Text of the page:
Monday, June 15, 2015

Discovering Balkan Cuisine at Ambar

By: Laurie Wallin
Capital Cooking Contributor

What do you think of when you hear “Balkan cuisine?” To be honest, I wasn’t entirely sure, so I was happy to have dinner at Ambar, located in DC’s Barracks Row neighborhood and discover it for myself. I discovered Ambar was born from a dream that owner Ivan Iricanin had – to bring the cuisine from his homeland of Serbia to the U.S., and Ambar’s menu is based on the best dishes from the Balkan Peninsula and were developed by Iricanin and restaurant partner Richard Sandoval’s travels to Serbia in 2012. The menu features slow-cooked meats, fresh seafood and a diverse selection of salads, vegetables, spreads, and meat mezze all expertly prepared by Chef Ivan Zivkovic. Ambar recently updated their menu for spring, so I was excited to visit for the first time and discover what Balkan cuisine is all about.

I began with one of Ambar’s seasonal specialty cocktails – the Pear Daisy made with vodka, triple sec, pear and cardamom. The drink was smooth, light, and refreshing – the perfect start to the meal.

I sampled the Urnebes, which is an aged cow cheese spread with ajvar and chilli flakes, along with the Ajvar (roasted pepper, eggplant, and garlic) and my favorite, the Garlic Beans with onion, dry roasted pepper, and paprika, all served with house-made bread (somun or fried sourdough or mixed). The Urnebes was so smooth and creamy and I really enjoyed the Garlic Beans. 

The meat mezze plate featured several meats, including a Kulen (spicy salami) and Karlovacka (beef/pork salami). 

I tried the organic baby spinach salad with horseradish dressing, which had quite a kick, along with the leek croquettes with ajvar emulsion and breaded with a panko crust. These were delicious and crunchy and not oily at all.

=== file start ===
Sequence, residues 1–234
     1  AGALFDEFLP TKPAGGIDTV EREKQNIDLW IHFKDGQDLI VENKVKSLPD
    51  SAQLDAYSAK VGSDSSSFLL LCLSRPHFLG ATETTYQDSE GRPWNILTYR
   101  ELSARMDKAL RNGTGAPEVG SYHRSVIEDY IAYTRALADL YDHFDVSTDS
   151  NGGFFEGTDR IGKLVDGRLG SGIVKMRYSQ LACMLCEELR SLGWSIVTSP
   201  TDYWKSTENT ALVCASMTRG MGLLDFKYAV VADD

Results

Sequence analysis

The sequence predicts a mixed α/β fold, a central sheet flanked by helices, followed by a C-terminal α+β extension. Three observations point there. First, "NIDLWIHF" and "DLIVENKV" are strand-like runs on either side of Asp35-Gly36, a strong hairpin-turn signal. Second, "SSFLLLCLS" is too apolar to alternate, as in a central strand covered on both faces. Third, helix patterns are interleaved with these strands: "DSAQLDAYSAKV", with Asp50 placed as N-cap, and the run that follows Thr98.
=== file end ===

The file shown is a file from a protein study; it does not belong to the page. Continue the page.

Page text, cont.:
I’ve had grilled octopus before, but cold octopus was a new one for me – and Ambar did it well. The cold octopus salad was served with garlic beans and sliced cucumber and I loved the way the flavors came together. The Mediterranean branzino with tomato, garlic and spinach was light and delicious – I loved the addition of the tomato, where the acidity balanced the fish’s sweet flavors. 

My favorite dish of the night was the spicy pork sausage with green peas and root vegetable stew. The flavors of the sausage were nicely complemented by the vegetable stew and this dish was incredibly hearty and would be lovely on a cold winter night. This dish also paired wonderfully with a 2010 Bibich R6 Riserva Babic, Plavina, Lasin, from Croatia. I know nothing about wine from this part of the world so I very much appreciated Ambar’s “wine glossary” at the bottom of the wine menu.

Next, I was poured a small Rakia, which is an alcoholic beverage produced by the distillation of fermented organic fruit. It is a popular beverage throughout the Balkans and considered to be the national drink of Bulgaria, Serbia, and Albania, among other countries. This particular Rakia was made with apricot and was served alongside pickled vegetables, and Ambar features an extensive menu of Rakias. How unique!

Ambar’s most popular dessert is the Forest Gnocchi, made with chocolate mousse, bitter orange cake, ground chocolate, orange gelee, tarragon gnocchi, passion fruit espuma and black tea sauce. A real variety of flavors, it is presented beautifully and then up to the diner to use the black tea sauce to mix everything together like a soup.

There is so much to choose from on this menu, and thanks to Ambar’s “Bottomless Balkan,” diners don’t have to choose – for $49pp, you can have unlimited plates and drinks (with a few exceptions) and for $59pp, the entire food menu is game. What a great way to explore more items on the menu.

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